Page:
How to disable facial recognition in Facebook

Facebook rolled out facial recognition to help automate photo tagging, and it's enabled by default. Learn how to adjust your privacy settings to disable it.

Matt Elliott/CNET

Tagging friends in Facebook photos may be somewhat of a chore, but that doesn't mean we asked to be opted in to Facebook's new facial-recognition photo-tagging feature. As we reported yesterday , Facebook quietly rolled out facial-recognition software "that will automate photo tagging and suggest friends to tag in your photos based on what they look like."

Here's how it works: when you or a Facebook friend uploads a photo, Facebook uses facial-recognition software to match faces in that photo with previous photos on Facebook in which you've been tagged. Facebook groups similar photos together and suggests names for tagging purposes. Granted, Facebook isn't tagging photos itself, but it is certainly making the process easier for your friends to tag photos of you.

As Facebook says here, "Now if you upload pictures from your cousin's wedding, we'll group together pictures of the bride and suggest her name. Instead of typing her name 64 times, all you'll need to do is click 'Save' to tag all of your cousin's pictures at once." That's great, unless one of those 64 photos are of you at the end of the evening, slumped in a chair with your tie in your drink.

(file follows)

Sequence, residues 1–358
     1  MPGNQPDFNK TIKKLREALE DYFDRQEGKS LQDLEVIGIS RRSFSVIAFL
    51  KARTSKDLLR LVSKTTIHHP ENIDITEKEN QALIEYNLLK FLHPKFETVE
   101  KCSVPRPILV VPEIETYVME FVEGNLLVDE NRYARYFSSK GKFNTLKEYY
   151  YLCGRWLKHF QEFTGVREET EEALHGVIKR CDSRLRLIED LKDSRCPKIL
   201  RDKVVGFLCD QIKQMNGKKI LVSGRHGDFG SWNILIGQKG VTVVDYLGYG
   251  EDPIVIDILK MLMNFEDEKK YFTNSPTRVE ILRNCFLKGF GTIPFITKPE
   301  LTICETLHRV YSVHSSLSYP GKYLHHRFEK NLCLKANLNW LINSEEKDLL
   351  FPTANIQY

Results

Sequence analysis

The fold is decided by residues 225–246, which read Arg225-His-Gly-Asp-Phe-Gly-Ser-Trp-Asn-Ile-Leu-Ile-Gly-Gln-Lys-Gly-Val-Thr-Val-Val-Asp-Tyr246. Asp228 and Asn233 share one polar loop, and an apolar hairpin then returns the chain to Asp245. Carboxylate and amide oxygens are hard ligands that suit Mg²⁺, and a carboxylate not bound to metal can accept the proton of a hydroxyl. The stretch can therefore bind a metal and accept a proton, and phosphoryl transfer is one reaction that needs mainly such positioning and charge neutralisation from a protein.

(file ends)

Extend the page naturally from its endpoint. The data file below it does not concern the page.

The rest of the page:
The introduction of facial recognition on Facebook has many users rightfully uneasy. Worse, Facebook has enabled it by default. Here's how to disable it:

Matt Elliott/CNET

Click on Account in the upper-right corner of your Facebook page, and from the pull-down menu choose Privacy Settings.

Matt Elliott/CNET

Next, find the small Customize settings link and click it.

Matt Elliott/CNET

On the next page, scroll down to the "Things others share" section, and click the Edit Settings button next to "Suggest photos of me to friends" header. You'll notice it's Enabled by default. Click on the button and select Disabled and then hit the Okay button to restore some of your privacy on Facebook.

Matt Elliott/CNET

 

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